[Coral-List] fish questions from a chef
Tupper, Mark (WorldFish)
M.Tupper at CGIAR.ORG
Sat Feb 28 05:47:12 EST 2009
In answer to you questions:
1. The knobby growths you describe might be hyperosteses (nodules on the bones filled with fatty acids), which are common in Pagrus auratus. Check the following paper for an explanation and pictures: http://fishbull.noaa.gov/881/gauldie.pdf. If you can take a picture next time you see these, it would be helpful.
2. According to a friend of mine who is a fish vendor here in the Philippines, hematomas in tuna are (as you suggest) caused by stress and poor handling. Commonly it occurs when the tuna is not immediately killed and placed on ice, but is instead allowed to flop around on the deck until it dies. Extreme cases will produce a mushy, bruised flesh under the skin.
3. Can your brother send me a picture of the object found in the sturgeon? It does sound like a tracking device or tag of some sort. I have quite a lot of experience with fish tracking so perhaps I could identify it for you.
Hope this helps,
Dr. Mark H. Tupper
Scientist - Coral Reefs and Reef Fisheries
The WorldFish Center
Los Banos, Laguna, Philippines
From: coral-list-bounces at coral.aoml.noaa.gov on behalf of Shapiro, Aurelie
Sent: Fri 2/27/2009 11:40 PM
To: coral-list at coral.aoml.noaa.gov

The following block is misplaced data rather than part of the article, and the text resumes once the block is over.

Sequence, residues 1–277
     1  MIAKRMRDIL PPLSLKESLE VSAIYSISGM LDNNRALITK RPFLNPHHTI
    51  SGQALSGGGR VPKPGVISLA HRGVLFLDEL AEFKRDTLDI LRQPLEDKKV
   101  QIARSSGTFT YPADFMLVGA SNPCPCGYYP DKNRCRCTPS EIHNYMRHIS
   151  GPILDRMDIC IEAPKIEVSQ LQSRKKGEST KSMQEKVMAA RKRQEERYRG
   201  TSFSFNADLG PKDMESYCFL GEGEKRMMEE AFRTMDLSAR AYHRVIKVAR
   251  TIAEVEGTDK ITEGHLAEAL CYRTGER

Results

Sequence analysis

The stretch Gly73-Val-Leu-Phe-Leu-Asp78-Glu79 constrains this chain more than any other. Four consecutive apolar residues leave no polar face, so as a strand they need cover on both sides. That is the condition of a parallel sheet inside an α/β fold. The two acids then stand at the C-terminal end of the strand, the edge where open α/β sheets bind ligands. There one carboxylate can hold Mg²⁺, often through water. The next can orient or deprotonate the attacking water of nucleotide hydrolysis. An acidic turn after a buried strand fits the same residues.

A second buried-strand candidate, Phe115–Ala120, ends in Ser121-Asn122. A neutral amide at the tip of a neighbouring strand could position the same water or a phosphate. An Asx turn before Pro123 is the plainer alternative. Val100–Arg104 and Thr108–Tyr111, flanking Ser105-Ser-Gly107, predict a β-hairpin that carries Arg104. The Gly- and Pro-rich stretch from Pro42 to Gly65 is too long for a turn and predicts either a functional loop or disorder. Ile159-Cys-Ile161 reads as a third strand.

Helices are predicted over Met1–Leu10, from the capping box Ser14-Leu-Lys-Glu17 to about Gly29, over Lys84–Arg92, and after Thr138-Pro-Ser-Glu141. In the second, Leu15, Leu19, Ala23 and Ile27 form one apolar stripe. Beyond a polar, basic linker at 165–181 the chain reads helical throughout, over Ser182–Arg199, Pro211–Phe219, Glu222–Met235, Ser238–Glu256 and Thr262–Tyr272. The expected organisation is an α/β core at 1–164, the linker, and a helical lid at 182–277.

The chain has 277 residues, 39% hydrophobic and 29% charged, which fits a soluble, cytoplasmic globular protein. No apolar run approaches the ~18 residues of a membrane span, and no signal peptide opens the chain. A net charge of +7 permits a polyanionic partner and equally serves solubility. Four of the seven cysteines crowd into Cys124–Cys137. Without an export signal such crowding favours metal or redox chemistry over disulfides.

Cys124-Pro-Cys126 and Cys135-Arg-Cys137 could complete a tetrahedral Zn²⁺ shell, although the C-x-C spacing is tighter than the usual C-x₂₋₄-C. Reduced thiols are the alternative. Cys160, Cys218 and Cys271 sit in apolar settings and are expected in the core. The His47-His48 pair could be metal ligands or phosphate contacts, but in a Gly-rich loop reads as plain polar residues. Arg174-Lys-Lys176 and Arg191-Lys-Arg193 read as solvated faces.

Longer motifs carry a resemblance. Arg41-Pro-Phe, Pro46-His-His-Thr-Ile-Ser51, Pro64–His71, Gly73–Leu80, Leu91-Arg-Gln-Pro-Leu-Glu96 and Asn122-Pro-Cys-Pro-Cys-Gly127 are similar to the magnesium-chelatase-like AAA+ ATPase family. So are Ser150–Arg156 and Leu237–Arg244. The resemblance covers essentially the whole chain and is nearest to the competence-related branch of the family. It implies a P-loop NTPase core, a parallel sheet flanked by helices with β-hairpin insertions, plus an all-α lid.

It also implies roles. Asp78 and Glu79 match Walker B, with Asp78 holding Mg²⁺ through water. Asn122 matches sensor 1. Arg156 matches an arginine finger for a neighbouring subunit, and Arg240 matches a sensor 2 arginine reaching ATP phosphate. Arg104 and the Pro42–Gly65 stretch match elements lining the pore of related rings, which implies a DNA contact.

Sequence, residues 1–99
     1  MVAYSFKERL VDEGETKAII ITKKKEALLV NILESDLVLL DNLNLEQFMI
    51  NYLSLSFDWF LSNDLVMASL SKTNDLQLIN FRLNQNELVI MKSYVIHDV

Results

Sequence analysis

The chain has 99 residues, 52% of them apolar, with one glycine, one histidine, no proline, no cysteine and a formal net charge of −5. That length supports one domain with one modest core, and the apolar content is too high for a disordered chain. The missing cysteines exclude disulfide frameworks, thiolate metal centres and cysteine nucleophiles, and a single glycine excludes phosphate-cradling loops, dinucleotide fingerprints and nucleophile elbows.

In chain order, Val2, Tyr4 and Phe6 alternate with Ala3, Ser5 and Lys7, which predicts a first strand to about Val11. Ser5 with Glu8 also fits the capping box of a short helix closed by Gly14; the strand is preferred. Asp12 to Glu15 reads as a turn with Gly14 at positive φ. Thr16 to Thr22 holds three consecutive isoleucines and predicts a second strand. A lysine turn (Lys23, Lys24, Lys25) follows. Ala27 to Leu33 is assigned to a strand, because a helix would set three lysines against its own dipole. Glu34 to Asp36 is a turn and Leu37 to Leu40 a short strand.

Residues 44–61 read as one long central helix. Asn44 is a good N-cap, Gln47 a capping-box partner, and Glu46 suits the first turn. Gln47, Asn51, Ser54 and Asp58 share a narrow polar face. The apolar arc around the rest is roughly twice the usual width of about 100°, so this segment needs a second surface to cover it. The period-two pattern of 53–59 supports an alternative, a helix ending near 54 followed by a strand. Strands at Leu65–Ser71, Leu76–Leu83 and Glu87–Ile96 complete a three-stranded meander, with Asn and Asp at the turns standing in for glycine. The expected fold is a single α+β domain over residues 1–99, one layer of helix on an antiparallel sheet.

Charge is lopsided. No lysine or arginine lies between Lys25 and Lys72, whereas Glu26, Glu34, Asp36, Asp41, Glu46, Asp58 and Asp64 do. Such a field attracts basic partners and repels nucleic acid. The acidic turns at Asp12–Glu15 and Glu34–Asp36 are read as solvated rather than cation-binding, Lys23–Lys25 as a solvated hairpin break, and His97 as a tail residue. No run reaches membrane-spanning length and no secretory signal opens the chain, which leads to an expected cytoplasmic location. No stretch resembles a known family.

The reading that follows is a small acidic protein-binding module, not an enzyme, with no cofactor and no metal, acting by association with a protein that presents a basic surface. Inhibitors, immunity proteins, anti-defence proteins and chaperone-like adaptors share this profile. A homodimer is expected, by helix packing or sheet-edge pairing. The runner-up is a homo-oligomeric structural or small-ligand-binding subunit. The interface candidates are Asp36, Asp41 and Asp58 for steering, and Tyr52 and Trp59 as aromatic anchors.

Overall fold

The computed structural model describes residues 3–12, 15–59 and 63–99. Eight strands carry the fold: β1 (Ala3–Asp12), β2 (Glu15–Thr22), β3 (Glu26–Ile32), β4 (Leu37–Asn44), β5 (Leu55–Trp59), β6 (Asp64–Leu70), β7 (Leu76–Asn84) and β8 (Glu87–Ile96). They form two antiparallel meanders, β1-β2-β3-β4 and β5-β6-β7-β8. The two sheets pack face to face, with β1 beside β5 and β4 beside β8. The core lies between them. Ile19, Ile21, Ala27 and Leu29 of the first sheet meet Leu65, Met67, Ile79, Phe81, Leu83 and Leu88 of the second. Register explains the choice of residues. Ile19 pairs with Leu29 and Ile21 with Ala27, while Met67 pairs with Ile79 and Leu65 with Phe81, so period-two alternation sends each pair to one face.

Subject: [Coral-List] fish questions from a chef
>From my brother who's a chef. Anyone have any answers?
I have some fish queries and was wondering if either of you might be able to answer them or find someone who can.
1.Every once and a while, when I am fileting the New Zealand Snapper (Pagrus auratus) sort of a porgy or sea bream, there are a few that have these knobby bony growths on the bones between the spine and the anal spine, usually 2-3, progressively smaller towards the tail. They are round and smooth and look like big pearly blisters around the bones but are seamless appear to be bone. I have to cut around them and I lose some flesh. I would like to know what they are.
2. The past 2 pieces of Big Eye tuna that we have gotten have these flecks of hematoma closest to the skin. They are about an inch long and cannot be cut or cooked out. How does a fish get these? Poor handling, stress or other?
3. I was butchering a wild sturgeon today (at least that is what the invoice says) and when I took the skin off I found what looked like a tiny LED light on my cutting board. About 3/4 of an inch long and the thickness of a Bic pen ink tube, It was clear on one side and black on the other and there was what looked like a tiny light in the clear side...sort of like a capsule. I don't know where else it could have come from. Could it be a tracking instrument or something? I kept it.
Aurelie C. Shapiro
Remote Sensing Specialist
World Wildlife Fund - US
1250 24th street NW room 2015A
Washington DC, 20037
*new phone number* 202 495-4183
fax - 202 293-9211
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